I don’t know if you know this, but apparently when you take a baby home you are legally obligated at some point in its life to write a sickeningly sweet philosophical post on “life lessons” you’ve learned from said baby.

Don’t believe me?  Then clearly you have not been on a parenting/website blog recently.

So, in order to fulfill my contractual obligation as a parent (it was in the fine print), here is my sappy post.  At least it’s writing related.

5 Writing Tips I Learned From My 2 Year Old

  1. Never Be Afraid to Experiment — My child will draw on anything, and we as writers should be willing to at least consider every writing idea that pops into our heads, no matter how ludicrous it may seem.  After all, futuristic Roman gladiator games sounds kind of silly, but no one is going to argue with the success of The Hunger Games.
  2. Never Be Afraid of Failure — Because frankly, you can’t ever entirely fail.  As my child practices at writing and drawing he constantly improves.  (Yes, I have a freakish child that with no prompting from me likes to try to draw letters.)  He has mastered the O and I and almost has a recognizable A.  And just like him, your writing improves both with every rewrite and in general as you practice it more.  Eventually, you will have that idea that works.
  3. Take as Many Breaks As You Need, But Finish Your Task Eventually — This is true of not only attention span challenged toddlers, but us adults as well.  Sometimes we become so frustrated or hungry or tired or whatever that we need to briefly step back from a project and get some space.  This is fine, but at some point you have to come back and finish up.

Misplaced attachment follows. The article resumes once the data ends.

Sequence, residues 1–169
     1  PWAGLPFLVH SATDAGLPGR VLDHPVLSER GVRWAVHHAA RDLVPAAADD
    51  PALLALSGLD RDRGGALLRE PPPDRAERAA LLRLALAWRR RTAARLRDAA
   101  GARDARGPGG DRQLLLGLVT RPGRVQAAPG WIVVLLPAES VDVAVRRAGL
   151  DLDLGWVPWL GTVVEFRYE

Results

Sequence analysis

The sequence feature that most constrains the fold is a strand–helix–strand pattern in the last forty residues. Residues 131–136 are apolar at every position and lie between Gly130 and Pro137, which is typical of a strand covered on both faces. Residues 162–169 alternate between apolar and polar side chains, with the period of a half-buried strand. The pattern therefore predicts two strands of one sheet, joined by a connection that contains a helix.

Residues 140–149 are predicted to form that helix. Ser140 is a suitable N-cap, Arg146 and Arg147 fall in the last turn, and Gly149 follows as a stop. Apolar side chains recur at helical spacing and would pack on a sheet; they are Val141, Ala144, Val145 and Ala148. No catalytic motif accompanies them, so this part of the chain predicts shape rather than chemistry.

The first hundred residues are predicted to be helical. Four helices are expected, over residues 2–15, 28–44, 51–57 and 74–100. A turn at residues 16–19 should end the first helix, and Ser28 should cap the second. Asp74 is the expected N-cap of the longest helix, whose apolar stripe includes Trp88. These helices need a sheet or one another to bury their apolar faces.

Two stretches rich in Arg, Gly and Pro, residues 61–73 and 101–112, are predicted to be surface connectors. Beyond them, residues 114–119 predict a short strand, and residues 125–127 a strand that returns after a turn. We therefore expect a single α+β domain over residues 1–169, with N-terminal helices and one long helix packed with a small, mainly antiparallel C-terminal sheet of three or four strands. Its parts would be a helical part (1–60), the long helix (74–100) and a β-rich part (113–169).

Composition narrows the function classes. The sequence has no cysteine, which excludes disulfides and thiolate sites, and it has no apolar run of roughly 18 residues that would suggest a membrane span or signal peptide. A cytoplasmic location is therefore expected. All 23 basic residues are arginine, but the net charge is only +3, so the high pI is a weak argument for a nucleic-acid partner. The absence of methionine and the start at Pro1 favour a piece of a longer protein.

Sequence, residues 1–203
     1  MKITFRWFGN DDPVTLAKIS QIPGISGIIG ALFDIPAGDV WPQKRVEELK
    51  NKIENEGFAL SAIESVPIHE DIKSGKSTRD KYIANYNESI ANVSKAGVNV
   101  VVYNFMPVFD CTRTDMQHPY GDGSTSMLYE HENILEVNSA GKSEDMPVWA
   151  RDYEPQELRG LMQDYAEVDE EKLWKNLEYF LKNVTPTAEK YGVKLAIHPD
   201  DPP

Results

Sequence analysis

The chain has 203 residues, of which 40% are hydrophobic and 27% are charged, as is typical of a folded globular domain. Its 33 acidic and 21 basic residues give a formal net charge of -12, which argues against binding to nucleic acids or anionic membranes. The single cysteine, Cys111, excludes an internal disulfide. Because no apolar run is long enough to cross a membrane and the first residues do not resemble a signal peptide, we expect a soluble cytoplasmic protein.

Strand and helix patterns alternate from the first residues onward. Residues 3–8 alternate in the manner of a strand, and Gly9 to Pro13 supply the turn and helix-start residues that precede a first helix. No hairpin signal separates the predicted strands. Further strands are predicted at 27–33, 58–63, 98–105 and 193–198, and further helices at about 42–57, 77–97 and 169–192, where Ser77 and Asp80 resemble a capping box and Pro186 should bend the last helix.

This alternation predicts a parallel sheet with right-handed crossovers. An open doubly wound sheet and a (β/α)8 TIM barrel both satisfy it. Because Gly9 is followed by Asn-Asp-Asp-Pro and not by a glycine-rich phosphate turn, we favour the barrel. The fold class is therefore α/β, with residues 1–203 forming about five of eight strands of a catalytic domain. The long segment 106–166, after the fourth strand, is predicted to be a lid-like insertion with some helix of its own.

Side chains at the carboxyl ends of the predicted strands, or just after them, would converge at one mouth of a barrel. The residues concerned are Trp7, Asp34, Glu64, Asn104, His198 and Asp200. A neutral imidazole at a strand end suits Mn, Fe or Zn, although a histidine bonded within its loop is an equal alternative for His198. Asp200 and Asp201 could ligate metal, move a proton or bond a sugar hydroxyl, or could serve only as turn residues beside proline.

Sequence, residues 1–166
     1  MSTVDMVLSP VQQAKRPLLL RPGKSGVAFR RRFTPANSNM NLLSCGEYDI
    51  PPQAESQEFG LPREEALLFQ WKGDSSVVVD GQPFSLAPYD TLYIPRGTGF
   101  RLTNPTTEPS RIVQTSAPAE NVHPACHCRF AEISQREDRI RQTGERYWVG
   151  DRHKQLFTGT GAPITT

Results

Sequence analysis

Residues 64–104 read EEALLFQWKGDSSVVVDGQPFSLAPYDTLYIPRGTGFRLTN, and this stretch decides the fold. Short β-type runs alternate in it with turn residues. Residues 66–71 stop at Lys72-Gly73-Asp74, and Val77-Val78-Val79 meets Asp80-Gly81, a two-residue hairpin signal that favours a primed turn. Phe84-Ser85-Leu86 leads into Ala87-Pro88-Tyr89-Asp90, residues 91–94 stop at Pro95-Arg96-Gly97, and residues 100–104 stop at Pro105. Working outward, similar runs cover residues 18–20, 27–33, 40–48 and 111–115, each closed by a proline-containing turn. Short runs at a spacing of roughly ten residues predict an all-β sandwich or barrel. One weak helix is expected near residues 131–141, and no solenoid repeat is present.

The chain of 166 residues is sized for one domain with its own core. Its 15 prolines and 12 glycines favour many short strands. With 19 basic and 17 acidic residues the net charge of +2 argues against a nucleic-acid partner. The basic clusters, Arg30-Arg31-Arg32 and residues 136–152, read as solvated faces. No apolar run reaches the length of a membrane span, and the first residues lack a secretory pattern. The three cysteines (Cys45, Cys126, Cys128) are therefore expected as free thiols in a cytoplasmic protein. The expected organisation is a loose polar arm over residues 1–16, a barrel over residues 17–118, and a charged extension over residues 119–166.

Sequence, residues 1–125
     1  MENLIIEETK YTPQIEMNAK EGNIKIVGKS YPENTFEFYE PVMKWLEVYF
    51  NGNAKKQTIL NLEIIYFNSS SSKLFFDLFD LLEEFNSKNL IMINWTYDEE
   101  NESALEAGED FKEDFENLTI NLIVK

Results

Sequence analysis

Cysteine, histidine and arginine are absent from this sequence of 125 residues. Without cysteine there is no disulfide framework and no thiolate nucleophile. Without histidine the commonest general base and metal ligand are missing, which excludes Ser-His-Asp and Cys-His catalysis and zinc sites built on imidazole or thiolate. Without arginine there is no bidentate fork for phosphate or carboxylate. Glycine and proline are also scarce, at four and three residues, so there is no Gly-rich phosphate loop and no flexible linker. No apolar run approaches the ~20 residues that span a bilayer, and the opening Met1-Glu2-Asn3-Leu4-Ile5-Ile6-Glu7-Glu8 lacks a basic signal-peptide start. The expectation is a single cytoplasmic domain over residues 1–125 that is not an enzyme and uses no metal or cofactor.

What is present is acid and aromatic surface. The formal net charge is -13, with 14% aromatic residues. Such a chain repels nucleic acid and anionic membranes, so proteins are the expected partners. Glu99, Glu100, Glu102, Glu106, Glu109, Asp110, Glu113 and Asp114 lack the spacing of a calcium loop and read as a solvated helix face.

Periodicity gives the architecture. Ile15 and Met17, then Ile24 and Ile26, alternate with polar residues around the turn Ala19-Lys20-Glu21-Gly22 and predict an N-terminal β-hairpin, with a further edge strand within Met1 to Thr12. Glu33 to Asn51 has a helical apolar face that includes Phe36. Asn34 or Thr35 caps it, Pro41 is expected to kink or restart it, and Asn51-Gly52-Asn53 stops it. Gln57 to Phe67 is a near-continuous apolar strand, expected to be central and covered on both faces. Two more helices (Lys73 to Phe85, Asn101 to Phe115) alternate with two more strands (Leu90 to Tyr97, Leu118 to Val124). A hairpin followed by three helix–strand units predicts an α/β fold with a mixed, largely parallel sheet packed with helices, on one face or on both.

4. Do Not Judge Yourself By Other People’s Measuring Sticks — For various reasons (including a brief period of partial deafness and a “by-myself” independence streak) my toddler has a serious speech delay.  Other people’s response to this range from condescending worry (from other parents who have decided my child is autistic — he’s not according to the various doctors/specialists) to complete unconcern (from his doctors and speech therapist who say he’ll talk sometime before 5.  5!).  The point of this is that you have to define your own measures of success.  For some author success only comes after a certain advance or when they reach a certain level of sales.  For others, success is finishing a manuscript.  You have to decide for yourself otherwise you will drive yourself crazy trying to meet everyone else’s (differing) expectations.
  5. Praise is Great Fun, But No One Appreciates a Tantrum in Response to Negative Feedback — This is pretty self-explanatory.  We all like being told our stuff is good, but when we are told our stuff is not working, pouting or throwing a tantrum is not productive and often inappropriate.  You don’t have to take every piece of advice you receive, but you should at least objectively consider it.
© Copyright 2006-2011 Madeline Smoot. All rights reserved.
May be excerpted and duplicated for educational purposes.